Study: First-time substance use among college students varies throughout year

In an announcement that is sure to send shivers down the spines of parents of college students everywhere, the Substance Abuse and Mental Health Services Administration (SAMHSA) detailed the results of its National Survey on Drug Use and Health, which examined the initiation patterns of full-time college students’ use of illicit or harmful substances. The study found that usage patterns peaked at different times of the year depending on the substance. In addition to its survey results, SAMHSA also offered resources for parents and other adults to assist them in discussing the health risks of alcohol use with their college students.


The study discovered that 383,000 full-time college students, or, 1,000 per day, used marijuana for the first time over the previous year. The peak times for the first-time use, or initiation, was in June, with 1,500 full-time students starting to use marijuana each day.


The study also found that 450,000 underage (18 to 20 years old) full-time college students, or 1,200 per day, began drinking in the previous year. The underage drinking initiation was found to peak during June, with an average of 1,883 full-times students beginning to drink each day.

Prescription Drugs

Although summer is the peak time for students to begin alcohol use, the same was not true for first-time use of prescription drugs that were taken for non-medical purposes. The study estimates that 251,000 full-time college students began using pain relievers for non-medical uses over the previous year, with an average of over 700 students beginning to use them each day. December was found to be the peak month, with 850 students beginning to use pain relievers each day.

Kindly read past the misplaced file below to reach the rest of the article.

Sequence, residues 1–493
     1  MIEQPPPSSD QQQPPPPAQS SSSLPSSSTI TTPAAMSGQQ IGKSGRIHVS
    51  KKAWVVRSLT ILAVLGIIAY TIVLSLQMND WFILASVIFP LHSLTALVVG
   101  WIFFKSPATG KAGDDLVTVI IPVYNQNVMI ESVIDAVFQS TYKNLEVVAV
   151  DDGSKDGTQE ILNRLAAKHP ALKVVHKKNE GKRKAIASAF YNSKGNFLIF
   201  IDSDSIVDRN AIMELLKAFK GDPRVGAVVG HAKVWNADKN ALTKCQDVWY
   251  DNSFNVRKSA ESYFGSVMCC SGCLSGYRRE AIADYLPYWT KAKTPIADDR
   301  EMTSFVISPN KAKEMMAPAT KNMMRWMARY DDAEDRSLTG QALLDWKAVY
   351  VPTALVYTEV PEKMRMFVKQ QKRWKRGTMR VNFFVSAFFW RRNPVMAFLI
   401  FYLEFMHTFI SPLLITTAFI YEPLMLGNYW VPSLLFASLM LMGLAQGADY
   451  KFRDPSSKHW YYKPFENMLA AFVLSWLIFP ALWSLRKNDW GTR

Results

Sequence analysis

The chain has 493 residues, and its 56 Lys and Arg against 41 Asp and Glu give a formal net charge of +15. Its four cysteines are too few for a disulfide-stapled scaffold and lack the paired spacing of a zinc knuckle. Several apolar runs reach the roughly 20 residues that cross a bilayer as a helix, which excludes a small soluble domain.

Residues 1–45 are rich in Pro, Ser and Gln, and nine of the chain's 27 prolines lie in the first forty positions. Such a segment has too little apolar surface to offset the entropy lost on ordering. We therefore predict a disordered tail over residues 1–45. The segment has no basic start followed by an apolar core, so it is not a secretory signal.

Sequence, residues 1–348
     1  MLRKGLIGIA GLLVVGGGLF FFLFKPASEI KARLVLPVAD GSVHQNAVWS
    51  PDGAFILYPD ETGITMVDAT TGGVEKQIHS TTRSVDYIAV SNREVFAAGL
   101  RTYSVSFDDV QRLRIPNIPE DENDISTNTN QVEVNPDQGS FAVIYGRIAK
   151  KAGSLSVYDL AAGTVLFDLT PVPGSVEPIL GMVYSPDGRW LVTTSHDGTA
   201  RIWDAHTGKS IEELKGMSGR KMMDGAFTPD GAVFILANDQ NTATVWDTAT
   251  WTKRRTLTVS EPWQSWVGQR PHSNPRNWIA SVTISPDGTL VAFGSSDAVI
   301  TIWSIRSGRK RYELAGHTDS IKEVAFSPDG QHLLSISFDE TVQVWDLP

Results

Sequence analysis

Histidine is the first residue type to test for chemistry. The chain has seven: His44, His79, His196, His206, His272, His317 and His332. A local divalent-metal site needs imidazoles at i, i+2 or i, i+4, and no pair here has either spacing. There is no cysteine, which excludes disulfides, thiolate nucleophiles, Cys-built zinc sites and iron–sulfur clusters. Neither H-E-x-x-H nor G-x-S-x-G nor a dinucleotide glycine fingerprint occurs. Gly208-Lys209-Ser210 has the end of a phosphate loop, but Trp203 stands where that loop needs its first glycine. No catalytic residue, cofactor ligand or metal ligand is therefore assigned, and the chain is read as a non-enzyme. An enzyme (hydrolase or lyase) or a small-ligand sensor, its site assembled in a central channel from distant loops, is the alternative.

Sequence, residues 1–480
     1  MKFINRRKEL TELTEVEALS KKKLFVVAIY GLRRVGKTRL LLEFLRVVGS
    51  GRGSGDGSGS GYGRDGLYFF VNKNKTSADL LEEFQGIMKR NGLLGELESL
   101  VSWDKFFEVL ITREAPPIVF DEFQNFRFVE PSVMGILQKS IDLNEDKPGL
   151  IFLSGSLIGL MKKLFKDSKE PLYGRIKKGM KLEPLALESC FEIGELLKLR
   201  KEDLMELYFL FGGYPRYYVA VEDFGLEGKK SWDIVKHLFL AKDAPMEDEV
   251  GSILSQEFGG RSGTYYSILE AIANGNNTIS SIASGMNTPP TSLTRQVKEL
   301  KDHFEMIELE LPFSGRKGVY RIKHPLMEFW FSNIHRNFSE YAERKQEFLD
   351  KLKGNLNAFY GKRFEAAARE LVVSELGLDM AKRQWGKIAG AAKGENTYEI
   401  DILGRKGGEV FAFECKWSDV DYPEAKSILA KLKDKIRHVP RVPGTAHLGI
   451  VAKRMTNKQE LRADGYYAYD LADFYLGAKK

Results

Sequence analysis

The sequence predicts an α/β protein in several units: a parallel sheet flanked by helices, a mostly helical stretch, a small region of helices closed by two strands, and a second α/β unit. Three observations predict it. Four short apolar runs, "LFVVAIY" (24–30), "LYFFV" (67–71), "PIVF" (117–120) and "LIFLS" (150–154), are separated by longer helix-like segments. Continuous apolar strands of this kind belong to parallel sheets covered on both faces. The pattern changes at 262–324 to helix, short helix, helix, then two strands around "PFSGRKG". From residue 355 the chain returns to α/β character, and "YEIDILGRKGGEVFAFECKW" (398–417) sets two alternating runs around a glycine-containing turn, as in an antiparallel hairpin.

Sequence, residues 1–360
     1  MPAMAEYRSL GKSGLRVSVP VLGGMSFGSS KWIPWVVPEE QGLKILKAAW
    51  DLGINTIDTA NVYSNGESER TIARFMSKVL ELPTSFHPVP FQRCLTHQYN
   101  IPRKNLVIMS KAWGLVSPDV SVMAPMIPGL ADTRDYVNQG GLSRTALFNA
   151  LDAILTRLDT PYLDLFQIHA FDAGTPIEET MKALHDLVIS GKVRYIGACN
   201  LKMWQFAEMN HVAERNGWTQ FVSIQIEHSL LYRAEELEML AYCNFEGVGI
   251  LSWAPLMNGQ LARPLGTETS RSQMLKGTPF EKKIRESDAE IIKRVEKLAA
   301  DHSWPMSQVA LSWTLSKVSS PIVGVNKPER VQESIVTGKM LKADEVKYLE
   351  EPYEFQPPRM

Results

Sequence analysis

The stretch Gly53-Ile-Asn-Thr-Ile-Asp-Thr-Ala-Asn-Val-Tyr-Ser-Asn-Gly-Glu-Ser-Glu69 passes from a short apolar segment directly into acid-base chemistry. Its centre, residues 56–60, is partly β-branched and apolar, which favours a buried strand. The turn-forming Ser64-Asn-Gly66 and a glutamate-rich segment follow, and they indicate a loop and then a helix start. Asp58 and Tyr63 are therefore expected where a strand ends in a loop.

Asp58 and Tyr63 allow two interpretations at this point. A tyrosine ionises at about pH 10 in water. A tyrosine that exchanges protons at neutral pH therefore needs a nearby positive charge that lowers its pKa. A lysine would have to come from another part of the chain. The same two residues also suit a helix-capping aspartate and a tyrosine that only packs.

The study also found that the non-medical use of stimulant medications peaked in November, December, and April, with 137,000 full-time students, or 400 each day, beginning the use of prescription stimulants for non-medical uses over the last year. During November, December, and April, the average daily rate of first-time users roses above 500 and peaked at about 585. The study was not designed to determine the cause of the first-time use trends, but did note that the rise in the first-time use of prescription stimulants coincided with times when midterm exams and final exams typically occurred.  This suggests that students may begin using prescription stimulants for non-medical purposes because they believe it may assist with their academic performance. SAMHSA points out that improved performance has not been proven, and use of stimulants can be dangerous.

Tobacco and Legal Alcohol Use

In addition to the above substances, the survey also looked at initiation patterns for use of legal substances that could still pose health risks to college students, including tobacco and also examined legal alcohol use by students aged between 21 and 22 years old. The study found that the peak months for first-time use of cigarettes for full-time college students were June, September, and October, while the peak month for legal alcohol use was January.

SAMHSA Acting Administrator Kana Enomoto said, “These findings show that college students are vulnerable to substance use at any time – not just when they are away at school.” Enomoto added, “That means that parents, college counselors, faculty members, staff, mentors, and other concerned people must take every opportunity to talk with college students about the risks of substance use and where they can turn to for help.”

Discussions with Students

In order to encourage parents and other adults to discuss alcohol use with college-bound young adults, SAMHSA developed “The Sound of Your Voice,”  a video and a related companion guide, which offers suggestions on how to effectively discuss the risks associated with underage drinking, including alcohol-related disorders. SAMHSA also engages in various efforts to prevent underage drinking.